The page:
To protect the inner core and to have a good resilience, the outer core layer may have a thickness of at least 4.8 mm. In some embodiments, the outer core layer may have a thickness of from 5 mm to 9 mm. The outer core layer (with inner core layer inside) may have a diameter of from 34 mm to 19 mm. To have a good flight performance, the outer core layer (with the inner core layer inside) may have a high coefficient of restitution of at least 0.800. In some embodiments, the outer core layer (with the inner core layer inside) has the higher coefficient of restitution than inner core layer alone, inner cover layer (with outer core and inner core layer inside), or finished golf ball. Also, the outer core layer preferably may have a compression deformation of from about 2.7 mm to about 3.3 mm.

In the present disclosure, the ratio of the compression deformation of the inner core layer (D inner) to that of the outer core layer (D outer): (D inner)/(D outer) may be from about 1.1 to about 1.3. If the ratio is less than about 1.1, the ball may be too soft to have a good flight performance. However, if the number is more than about 1.3, the hardness difference of the inner core layer and outer core layer may be so big as to deteriorate the durability of the golf ball.

The Cover Layer(s).

In the present disclosure, the cover layer may include one or more structural cover layers. FIG. 1 shows a single cover layer 130, while FIG. 2 shows an inner cover layer 320 and an outer cover layer 330. All such embodiments may be referred to herein as “the cover layer.” Generally, the cover layer is the outermost structural component of the golf ball, and includes golf ball surface 270 (or golf ball surface 470).

Generally, the material making up the cover layer is not subject to any particular limitation; the cover may be formed using a known cover material. Specific examples of the cover layer material include known thermoplastic resins, ionomeric resins, highly neutralized polymers, and thermoplastic and thermoset polyurethanes. Alternatively, use may be made of polyurethane-based, polyamide-based and polyester-based thermoplastic elastomers. Conventional injection molding may be advantageously used to form the cover layer.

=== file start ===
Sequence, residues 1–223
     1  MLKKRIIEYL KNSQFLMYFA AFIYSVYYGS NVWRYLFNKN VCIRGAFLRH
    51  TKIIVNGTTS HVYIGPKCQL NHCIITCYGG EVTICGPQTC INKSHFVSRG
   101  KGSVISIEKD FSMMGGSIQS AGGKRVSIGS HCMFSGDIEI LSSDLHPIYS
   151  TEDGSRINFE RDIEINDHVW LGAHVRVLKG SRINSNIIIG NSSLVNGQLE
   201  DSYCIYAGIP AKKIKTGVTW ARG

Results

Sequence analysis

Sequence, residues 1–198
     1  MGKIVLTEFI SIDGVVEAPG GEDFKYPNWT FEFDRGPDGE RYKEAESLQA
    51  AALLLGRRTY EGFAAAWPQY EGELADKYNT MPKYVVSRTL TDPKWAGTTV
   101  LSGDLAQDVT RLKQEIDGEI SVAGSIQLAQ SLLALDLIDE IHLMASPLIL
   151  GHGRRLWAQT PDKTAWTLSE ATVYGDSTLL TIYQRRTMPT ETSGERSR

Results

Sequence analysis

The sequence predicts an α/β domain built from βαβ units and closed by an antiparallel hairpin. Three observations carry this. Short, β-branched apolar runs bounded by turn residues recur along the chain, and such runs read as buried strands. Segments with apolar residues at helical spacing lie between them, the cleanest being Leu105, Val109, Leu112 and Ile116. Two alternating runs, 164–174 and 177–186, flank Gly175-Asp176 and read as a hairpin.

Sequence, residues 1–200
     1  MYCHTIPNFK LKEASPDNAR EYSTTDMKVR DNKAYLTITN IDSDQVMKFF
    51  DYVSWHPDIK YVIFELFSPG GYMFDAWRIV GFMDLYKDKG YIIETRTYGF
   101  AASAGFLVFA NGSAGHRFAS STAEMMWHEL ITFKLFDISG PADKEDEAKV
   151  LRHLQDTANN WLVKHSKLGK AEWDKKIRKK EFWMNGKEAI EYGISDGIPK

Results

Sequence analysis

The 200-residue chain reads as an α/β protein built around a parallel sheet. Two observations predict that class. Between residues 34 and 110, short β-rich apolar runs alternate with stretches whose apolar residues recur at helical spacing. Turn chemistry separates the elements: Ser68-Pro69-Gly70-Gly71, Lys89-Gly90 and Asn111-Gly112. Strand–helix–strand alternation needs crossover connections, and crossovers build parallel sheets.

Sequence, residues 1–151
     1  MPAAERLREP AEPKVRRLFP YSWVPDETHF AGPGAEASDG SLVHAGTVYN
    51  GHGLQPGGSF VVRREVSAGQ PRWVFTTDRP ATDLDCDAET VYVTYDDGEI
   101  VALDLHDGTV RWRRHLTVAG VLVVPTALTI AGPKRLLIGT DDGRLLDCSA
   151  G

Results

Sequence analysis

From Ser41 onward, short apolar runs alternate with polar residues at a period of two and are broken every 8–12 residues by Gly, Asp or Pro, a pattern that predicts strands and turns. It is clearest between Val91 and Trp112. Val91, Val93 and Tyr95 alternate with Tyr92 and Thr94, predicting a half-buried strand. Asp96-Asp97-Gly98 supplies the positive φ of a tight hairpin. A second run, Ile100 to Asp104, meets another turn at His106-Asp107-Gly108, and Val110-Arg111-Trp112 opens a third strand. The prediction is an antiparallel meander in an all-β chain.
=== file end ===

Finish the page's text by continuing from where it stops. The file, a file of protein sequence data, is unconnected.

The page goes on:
When the cover layer used in the present disclosure is relatively soft, the spin performance on approach shots may improve, thus enabling increased controllability to be achieved. Furthermore, in some situations, a relatively soft cover layer might also enable longer shot distance. When the cover layer is relatively hard, in addition to a distance-increasing effect, an even lower spin rate may be achieved, enabling the distance to be substantially improved.

In cases where the cover layer used in the disclosure is formed to be relatively soft, the material making up the cover layer may be an ionomeric resin, a highly neutralized ionomeric resin composition, a polyurethane based thermoplastic elastomer, or a polyester-based thermoplastic elastomer.

When the cover layer is composed of a single layer, such as cover layer 130 shown in FIG. 1, the cover layer thickness 230 may be at least about 0.5 mm, or at least about 0.6 mm, or at least about 0.7 mm, or at least 0.8 mm, but not more than 2.0 mm. Thickness 230 may also be not more than about 1.7 mm, or not more than about 1.4 mm, or not more than about 1.2 mm. Also, the cover hardness, expressed as the Shore D hardness, may be at least 35, or at least 45, or at least 50, or at least 55, but may be not more than 60.

In some embodiments, as shown in FIG. 2, the cover layer may comprise two or more layers. In such embodiments, outer cover layer 340 may be softer than inner cover layer 330. The hardness of inner cover layer 330, expressed as the Shore D hardness, may be at least about 55, or at least about 60, or at least about 65, but may be not more than about 75. The hardness of outer cover layer 340 may be from about 50 to about 60 in Shore D hardness. The material Shore D hardness of the outer cover layer (as measured on a plaque) may be less than 40.